In 2006, biologist Terri Lomax was not looking for a new job. She had already left behind a distinguished career in academia to lead research and technology development programs at NASA headquarters. “And I was having a good time doing it,” she says.
But then Nina Allen, chair of the faculty at NC State, came calling. Allen asked Lomax to apply to be dean of the Graduate School and associate vice chancellor for research. “I told Nina, ‘I’m not ready to come back to academia yet,’ and Nina said, ‘Just come and tell them everything they’re doing wrong.’ I figured I could do that,” Lomax says with a laugh. “But then when I got here I was so impressed with NC State, Centennial Campus, the way NC State works with industry, how innovative this university is … they won me over.”
That’s how Lomax came to NC State. Eight years later, Lomax — now the vice chancellor for research, innovation and economic development — is leaving the university to take a position as executive vice president of discovery-science-technology at RTI International in Research Triangle Park, effective later this month.
She’s departing after leading NC State to unprecedented research success. In the 2013-14 fiscal year the university set new records for sponsored research awards, at $308.3 million, and for industry-sponsored awards, at $35.8 million. Since 2007 the overall value of new research awards has increased by 60 percent. Over the same time, industry awards have more than doubled and federal awards have increased 71 percent, despite the negative impact of federal budget sequestration for the 2012-13 fiscal year.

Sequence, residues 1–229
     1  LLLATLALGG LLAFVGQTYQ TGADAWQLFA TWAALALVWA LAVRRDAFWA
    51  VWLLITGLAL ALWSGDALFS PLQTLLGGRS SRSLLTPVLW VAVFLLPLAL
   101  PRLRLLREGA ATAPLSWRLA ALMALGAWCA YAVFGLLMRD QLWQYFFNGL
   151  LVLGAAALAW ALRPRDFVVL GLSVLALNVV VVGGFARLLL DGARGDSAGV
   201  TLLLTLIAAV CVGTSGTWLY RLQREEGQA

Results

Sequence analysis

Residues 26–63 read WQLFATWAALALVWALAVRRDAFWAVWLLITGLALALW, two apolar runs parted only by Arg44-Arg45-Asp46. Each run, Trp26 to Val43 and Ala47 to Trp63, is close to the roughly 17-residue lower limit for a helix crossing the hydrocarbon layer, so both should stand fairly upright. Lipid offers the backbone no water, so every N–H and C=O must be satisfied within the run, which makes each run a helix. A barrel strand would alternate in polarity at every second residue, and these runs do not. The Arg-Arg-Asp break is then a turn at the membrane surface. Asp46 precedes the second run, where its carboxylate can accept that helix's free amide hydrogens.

These figures are even more impressive in light of the fact that they don’t include funding for the $140 million PowerAmerica advanced manufacturing innovation institute or the $25 million Consortium for Nonproliferation Enabling Capabilities, both of which were announced earlier this year. Funding for these projects commenced in the 2014-15 fiscal year.
Scientist and Policy Wonk
Lomax’s background — a combination of academia and administration — made her ideally suited to lead NC State’s research efforts. “In addition to being a scientist, I’ve also been a policy wonk, trying to understand the system and improve it for everybody,” she says.
Her career began in the botany and plant pathology department at Oregon State University, but right away she was doing more than teaching and research. “As a brand-new assistant professor, I got pulled into a group of senior folks who were designing a new graduate program, and I got to see right from the beginning how you create programs within a university,” she explains. “I was also brought into a very interdisciplinary position, like NC State’s cluster hires, so I worked across a broad range of programs from the start.”